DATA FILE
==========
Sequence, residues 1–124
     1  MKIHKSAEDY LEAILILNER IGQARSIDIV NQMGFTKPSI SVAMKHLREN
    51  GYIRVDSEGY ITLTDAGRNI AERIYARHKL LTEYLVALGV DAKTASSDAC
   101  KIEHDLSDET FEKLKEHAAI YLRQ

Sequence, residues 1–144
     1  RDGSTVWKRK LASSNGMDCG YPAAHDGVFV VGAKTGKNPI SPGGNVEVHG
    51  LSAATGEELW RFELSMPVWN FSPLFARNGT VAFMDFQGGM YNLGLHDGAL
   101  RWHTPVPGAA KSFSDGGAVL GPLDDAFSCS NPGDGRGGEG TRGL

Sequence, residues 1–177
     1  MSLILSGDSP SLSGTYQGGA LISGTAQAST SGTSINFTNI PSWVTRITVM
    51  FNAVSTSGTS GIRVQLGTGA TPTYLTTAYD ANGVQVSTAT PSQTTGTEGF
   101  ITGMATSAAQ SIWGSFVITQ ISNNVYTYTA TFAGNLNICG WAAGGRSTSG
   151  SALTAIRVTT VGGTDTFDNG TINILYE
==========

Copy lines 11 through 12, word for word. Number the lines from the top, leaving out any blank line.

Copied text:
    51  FNAVSTSGTS GIRVQLGTGA TPTYLTTAYD ANGVQVSTAT PSQTTGTEGF
   101  ITGMATSAAQ SIWGSFVITQ ISNNVYTYTA TFAGNLNICG WAAGGRSTSG